Coming back to the Holocaust ceremony on 27 January2020, taking place 75 years to the day of the liberation by the Soviet forces of Auschwitz Birkenau Nazi German concentration and extermination camp (1940-1945), was hosted by Ms. Melissa Fleming, United Nations Under-Secretary-General for Global Communications. The event included remarks by the United Nations Secretary-General António Guterres, the President of the seventy-fourth session of the United Nations General Assembly, the Permanent Representatives of Germany, Israel, Russia and the United States to the United Nations, and Mr. Dan Pavel Doghi, Chief of the CPRSI, Senior Adviser on Roma and Sinti Issues, OSCE/ODIHR. Holocaust survivors Mr. Shraga Milstein and Ms. Irene Shashar shared their testimonies. Judge Theodor Meron, who served as the President of the United Nations International Residual Mechanism for Criminal Tribunals, delivered the keynote speech. Rabbi Arthur Schneier recited the Kaddish and Cantor Shulem Lemmer the memorial prayers. Mr. Itzhak Perlman delivered a musical contribution.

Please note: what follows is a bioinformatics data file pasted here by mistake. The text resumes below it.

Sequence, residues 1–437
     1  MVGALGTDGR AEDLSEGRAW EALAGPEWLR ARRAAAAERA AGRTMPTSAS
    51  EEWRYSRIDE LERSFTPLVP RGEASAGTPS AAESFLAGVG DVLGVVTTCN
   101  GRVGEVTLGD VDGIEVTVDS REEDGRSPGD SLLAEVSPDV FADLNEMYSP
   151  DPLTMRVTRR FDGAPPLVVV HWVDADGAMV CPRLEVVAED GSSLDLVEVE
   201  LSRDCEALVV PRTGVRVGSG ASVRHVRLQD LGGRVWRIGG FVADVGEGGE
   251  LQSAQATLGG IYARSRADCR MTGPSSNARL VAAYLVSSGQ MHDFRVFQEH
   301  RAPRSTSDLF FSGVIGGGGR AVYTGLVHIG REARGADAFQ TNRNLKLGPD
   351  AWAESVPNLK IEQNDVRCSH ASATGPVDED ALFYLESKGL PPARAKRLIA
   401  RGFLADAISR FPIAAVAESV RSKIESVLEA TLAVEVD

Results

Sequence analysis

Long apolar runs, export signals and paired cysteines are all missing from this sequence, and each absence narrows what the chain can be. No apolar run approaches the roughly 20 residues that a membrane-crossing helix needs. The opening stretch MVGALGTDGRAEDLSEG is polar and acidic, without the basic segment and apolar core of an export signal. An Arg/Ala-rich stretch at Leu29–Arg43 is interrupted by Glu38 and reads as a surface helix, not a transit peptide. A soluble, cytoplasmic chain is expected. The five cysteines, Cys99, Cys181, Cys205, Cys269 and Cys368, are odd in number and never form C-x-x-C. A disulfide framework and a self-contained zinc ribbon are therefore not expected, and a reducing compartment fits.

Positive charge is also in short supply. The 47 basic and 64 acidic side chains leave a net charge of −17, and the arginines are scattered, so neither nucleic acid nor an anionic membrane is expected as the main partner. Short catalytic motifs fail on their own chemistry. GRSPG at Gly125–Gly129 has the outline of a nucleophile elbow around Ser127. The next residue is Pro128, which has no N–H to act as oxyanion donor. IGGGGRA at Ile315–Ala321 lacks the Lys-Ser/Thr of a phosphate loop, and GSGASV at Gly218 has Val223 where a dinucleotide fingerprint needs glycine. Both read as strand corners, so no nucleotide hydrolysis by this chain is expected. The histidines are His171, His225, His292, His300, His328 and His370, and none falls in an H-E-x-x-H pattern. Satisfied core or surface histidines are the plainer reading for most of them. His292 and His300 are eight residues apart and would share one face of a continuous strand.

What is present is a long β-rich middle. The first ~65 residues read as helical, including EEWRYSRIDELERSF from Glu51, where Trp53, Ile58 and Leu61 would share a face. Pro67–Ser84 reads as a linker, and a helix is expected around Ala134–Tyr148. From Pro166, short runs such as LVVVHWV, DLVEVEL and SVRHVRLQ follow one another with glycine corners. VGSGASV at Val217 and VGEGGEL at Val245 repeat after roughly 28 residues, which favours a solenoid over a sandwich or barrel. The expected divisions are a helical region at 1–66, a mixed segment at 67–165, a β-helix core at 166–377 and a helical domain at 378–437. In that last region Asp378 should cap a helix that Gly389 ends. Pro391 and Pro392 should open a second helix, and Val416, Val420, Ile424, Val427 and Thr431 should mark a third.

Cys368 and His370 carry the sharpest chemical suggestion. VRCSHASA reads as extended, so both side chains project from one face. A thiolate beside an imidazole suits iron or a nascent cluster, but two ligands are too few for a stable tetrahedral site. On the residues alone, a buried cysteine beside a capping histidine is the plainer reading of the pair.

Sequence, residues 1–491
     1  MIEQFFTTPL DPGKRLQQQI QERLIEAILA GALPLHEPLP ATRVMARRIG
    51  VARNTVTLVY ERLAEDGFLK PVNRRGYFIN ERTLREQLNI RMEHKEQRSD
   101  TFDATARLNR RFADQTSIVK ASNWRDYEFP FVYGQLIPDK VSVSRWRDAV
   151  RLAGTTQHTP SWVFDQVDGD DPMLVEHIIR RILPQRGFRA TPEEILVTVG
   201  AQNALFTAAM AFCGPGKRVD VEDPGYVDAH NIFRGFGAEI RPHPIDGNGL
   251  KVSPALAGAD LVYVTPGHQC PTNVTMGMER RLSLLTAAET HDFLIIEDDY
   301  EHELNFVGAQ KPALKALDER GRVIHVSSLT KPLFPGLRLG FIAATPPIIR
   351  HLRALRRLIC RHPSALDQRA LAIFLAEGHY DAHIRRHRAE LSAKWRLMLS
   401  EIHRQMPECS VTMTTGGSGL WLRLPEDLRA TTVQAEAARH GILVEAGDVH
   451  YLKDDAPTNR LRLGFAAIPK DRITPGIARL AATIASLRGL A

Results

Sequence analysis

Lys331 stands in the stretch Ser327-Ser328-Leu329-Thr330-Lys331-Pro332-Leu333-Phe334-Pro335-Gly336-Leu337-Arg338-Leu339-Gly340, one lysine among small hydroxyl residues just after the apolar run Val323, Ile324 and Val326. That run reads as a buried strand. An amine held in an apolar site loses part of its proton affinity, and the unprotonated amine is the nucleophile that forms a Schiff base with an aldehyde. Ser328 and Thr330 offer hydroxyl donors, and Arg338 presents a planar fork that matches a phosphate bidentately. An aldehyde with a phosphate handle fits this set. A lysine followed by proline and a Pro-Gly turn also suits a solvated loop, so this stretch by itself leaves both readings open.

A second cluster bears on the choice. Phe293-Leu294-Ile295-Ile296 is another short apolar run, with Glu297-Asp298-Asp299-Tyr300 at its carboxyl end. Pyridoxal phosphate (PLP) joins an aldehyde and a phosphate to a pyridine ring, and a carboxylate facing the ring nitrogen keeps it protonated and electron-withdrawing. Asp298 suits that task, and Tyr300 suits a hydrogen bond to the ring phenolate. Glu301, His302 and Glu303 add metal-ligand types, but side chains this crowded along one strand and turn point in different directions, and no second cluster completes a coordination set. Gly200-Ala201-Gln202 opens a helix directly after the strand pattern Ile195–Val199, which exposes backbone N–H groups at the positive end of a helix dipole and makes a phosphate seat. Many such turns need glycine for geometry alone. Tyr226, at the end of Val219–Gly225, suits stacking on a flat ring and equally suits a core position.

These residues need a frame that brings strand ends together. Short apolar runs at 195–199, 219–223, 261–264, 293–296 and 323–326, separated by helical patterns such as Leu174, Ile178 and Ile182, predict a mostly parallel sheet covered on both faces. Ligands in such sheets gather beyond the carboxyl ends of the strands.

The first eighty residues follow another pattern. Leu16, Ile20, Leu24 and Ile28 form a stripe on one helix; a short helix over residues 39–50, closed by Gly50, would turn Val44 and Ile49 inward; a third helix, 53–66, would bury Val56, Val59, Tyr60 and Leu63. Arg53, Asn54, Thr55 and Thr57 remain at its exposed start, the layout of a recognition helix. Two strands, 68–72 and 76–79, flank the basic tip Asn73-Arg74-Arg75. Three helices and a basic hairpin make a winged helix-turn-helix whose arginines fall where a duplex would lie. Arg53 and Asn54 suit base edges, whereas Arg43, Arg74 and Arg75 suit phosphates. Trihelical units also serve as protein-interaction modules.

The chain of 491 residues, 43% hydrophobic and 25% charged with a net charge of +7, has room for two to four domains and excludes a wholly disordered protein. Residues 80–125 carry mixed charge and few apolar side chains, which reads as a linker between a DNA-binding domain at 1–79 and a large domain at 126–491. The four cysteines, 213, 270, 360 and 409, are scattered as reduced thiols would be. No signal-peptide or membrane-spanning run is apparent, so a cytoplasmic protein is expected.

The Permanent Mission of Turkey to the United Nations hosted a side event, which unfortunately I could not attend, on the occasion of Holocaust Remembrance Day during which Turkish Pianist Ms. Renan Koen gave a piano recital. Renan Koen, is an international pianist, known for her efforts to publish the life-stories, ideals and works of composers who continued to create notwithstanding the prohibitions imposed on them while being imprisoned in concentration camps during the Second World War. She has given many recitals in Holocaust Remembrance events all around the world.

All in all, it was an impressive crowd of people attending the 75th commemorative anniversary of the liberation of Auschwitz, the ending of the Second World War, and the ending of the Holocaust.  It is not only hoped but that the event will help people live up to the motto “Never Again.”

Sevgin OKTAY, Representative of The Light Millennium to the
United Nations Department of Global Communications